Energy prices in the vast majority of SIDS are among the highest globally, in some cases electricity cost is 500 percent more than in the US, primarily as a result of the dependence on imported petroleum fuels. Consequently, the energy sector in the vast majority of SIDS is the principal source of economic vulnerability.
Sustainable development in SIDS has to be built on a sustainable energy foundation. Despite international support for implementation of the Barbados Programme of Action (BPoA) for the Sustainable Development of SIDS and the Mauritius Strategy for the Further Implementation of the BPoA (MSI), there is currently no mechanism that is in place to help SIDS transform their energy sector. There is also no mechanism to facilitate the sharing of experiences, pursuing of mutual goals, and sharing resources across regions. So despite having, in the vast majority of cases, abundant endowments of renewable energy resources SIDS remain dependent on imported fuels. High energy cost in SIDS is a combination of small volume, high transportation cost and low levels of energy efficiency. SIDS DOCK is developed to be the institutional mechanism that will support transformation of their energy sectors.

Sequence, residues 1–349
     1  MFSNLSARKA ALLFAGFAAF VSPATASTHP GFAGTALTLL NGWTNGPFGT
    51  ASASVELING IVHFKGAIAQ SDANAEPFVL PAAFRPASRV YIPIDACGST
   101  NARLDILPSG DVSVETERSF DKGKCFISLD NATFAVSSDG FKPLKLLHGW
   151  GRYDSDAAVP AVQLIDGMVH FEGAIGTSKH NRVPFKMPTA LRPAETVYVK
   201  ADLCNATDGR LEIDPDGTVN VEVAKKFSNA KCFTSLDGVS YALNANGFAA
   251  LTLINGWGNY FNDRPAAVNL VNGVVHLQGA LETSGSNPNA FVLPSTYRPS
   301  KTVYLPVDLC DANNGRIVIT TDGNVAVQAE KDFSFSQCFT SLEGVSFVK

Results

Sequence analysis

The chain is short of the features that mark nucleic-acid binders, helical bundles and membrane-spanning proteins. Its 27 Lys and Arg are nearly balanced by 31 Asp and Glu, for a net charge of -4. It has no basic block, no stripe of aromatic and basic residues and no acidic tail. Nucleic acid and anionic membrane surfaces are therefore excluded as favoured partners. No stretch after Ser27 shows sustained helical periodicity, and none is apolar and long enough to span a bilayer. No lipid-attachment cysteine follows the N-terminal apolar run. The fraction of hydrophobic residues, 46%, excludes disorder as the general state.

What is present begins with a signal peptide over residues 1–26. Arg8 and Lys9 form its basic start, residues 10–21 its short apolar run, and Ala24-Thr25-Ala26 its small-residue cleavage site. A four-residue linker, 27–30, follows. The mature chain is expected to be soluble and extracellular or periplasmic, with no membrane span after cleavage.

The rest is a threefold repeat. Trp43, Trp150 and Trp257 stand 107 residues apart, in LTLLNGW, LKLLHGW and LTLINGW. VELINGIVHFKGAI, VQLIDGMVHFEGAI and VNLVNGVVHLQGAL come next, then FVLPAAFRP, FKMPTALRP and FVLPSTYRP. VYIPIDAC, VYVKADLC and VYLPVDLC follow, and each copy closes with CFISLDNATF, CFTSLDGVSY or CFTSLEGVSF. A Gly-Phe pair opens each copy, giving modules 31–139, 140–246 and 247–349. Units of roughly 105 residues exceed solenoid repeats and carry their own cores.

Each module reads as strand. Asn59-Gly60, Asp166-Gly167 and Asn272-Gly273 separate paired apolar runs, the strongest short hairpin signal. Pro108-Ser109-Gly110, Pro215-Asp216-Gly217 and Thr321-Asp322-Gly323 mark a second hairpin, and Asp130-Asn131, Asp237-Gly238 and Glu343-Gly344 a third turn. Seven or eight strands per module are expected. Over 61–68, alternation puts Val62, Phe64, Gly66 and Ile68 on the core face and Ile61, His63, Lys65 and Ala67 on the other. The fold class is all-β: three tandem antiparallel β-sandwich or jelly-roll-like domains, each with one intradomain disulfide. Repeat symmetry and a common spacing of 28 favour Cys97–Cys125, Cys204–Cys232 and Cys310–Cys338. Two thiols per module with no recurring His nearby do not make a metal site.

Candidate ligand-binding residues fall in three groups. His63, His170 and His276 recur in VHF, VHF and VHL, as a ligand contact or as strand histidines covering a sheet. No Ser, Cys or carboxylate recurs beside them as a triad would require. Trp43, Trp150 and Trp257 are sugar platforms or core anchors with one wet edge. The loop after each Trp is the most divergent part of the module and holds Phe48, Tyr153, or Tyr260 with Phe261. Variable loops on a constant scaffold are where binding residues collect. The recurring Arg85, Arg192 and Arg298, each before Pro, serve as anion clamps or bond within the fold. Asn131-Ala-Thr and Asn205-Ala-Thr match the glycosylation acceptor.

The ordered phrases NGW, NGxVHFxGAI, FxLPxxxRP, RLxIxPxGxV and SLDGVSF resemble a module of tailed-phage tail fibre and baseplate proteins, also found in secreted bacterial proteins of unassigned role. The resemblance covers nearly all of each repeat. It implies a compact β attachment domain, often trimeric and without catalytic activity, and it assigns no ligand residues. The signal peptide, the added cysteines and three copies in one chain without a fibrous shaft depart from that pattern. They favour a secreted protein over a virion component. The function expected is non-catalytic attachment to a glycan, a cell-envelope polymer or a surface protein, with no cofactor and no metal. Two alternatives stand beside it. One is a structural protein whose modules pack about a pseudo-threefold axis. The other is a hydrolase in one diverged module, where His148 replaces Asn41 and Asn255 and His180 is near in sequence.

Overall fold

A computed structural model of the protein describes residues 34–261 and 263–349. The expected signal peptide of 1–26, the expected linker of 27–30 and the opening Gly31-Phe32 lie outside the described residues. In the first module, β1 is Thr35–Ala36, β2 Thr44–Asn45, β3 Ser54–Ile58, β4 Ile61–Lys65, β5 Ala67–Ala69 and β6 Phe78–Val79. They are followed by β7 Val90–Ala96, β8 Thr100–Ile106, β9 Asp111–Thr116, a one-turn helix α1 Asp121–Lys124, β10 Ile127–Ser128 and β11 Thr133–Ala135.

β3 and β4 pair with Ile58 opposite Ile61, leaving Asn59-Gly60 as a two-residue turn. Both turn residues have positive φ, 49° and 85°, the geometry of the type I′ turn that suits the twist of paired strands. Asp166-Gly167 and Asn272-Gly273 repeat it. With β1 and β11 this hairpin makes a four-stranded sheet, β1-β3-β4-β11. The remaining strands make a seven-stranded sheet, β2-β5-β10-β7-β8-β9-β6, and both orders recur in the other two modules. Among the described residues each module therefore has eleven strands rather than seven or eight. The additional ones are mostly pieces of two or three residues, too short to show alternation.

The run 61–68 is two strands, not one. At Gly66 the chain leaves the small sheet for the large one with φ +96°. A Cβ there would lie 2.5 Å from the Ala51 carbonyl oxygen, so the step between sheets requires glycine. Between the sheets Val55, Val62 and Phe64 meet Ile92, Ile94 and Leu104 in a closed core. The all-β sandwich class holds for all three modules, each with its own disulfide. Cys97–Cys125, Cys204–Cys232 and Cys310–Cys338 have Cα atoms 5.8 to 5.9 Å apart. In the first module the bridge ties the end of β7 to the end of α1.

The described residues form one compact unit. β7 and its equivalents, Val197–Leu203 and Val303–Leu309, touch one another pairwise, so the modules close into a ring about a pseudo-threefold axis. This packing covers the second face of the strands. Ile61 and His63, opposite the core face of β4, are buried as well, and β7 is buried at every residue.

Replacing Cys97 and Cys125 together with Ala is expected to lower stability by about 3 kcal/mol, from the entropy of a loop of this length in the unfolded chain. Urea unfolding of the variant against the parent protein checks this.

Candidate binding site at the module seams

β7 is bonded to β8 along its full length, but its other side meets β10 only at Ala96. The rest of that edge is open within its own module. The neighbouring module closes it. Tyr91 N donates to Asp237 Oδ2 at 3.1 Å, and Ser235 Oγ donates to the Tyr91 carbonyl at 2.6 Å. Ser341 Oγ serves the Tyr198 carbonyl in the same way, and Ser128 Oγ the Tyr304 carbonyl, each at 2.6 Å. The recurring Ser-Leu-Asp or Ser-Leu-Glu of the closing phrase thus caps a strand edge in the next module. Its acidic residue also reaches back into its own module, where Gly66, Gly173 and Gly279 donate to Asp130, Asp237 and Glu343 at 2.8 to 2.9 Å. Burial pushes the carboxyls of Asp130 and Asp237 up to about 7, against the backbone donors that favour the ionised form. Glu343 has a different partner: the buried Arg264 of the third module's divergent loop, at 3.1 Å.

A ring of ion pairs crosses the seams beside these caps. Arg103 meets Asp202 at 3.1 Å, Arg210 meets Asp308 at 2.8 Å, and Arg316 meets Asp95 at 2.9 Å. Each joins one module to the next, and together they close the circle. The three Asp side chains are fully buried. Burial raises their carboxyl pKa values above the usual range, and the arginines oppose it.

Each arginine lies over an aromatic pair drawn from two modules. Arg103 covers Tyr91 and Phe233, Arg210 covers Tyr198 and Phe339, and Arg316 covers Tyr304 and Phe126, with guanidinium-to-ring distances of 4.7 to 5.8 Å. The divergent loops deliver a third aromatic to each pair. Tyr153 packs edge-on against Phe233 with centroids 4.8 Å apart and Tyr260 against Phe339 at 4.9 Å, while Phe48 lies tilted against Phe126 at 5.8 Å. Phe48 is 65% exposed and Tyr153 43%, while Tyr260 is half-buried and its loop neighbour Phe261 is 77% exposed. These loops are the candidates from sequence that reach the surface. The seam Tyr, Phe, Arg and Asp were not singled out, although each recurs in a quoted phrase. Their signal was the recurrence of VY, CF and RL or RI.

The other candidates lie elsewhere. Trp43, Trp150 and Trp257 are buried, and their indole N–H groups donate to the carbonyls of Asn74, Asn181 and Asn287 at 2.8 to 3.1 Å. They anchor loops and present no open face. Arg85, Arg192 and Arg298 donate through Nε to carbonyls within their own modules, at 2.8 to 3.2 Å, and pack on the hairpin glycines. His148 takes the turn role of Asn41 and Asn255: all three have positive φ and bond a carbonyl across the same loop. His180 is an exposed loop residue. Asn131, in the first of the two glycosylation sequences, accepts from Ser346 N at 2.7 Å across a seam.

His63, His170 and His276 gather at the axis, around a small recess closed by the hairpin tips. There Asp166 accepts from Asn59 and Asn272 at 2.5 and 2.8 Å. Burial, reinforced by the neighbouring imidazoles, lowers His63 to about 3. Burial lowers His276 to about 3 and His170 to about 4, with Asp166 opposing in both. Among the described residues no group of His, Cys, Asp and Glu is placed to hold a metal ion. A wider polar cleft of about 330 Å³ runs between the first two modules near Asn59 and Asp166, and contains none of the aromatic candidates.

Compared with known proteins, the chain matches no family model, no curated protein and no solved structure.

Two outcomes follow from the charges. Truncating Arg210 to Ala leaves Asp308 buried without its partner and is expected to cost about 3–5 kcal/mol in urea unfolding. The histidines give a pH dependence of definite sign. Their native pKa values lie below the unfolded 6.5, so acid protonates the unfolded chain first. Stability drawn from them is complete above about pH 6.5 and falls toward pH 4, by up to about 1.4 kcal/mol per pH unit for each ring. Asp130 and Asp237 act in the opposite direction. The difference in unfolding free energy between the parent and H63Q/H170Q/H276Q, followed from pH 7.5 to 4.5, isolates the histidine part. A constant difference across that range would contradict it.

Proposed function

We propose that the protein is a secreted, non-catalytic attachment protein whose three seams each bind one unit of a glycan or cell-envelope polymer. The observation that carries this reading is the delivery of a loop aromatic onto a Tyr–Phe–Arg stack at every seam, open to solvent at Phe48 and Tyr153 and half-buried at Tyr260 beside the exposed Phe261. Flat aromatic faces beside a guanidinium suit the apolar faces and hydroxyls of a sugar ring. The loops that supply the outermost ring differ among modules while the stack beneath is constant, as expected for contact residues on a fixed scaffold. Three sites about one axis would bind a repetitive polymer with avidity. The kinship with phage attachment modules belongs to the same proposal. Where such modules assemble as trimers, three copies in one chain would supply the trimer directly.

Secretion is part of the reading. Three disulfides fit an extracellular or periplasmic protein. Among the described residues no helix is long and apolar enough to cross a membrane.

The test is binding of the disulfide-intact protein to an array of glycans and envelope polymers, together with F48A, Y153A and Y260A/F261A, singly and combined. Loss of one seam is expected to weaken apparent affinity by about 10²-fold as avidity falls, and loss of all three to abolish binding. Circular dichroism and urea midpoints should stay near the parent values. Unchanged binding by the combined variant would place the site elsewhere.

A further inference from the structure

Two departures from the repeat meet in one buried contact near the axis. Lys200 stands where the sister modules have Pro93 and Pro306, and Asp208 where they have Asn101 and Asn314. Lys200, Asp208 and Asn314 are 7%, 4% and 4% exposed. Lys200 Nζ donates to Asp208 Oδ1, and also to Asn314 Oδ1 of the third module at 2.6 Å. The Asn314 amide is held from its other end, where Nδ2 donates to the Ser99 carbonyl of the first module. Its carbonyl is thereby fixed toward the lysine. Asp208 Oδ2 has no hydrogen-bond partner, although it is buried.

Even though SIDS have very low emissions, estimated at less than 0.05 percent of global emissions, SIDS are already being negatively impacted by changing climate and the science which shows serious long-term consequences if greenhouse gas (GHG) concentration remain above 350 parts per million (ppm) in the atmosphere. With current GHG concentration well above 350 ppm, SIDS face the realization that tens of millions would be displaced from sea level rise. And, more intense weather would cause hardship to the vast majority of the population in the SIDS.
Adapting to the changing climate and rising sea level is already a major economic cost to SIDS; additional changes in climate and increases in seal level rise will require increasing amounts of financial resources. With many SIDS already highly indebted, reducing outflows of funds to pay for energy imports represent the best option of generating additional resources to address climate change. Several international agencies have estimated adaptation costs for developing countries that range from a high of USD 86 -109 billion a year, to a low of USD 4 billion a year to adapt to climate change, and it is also estimated that to take no action could cost over 20 per cent of global GDP annually.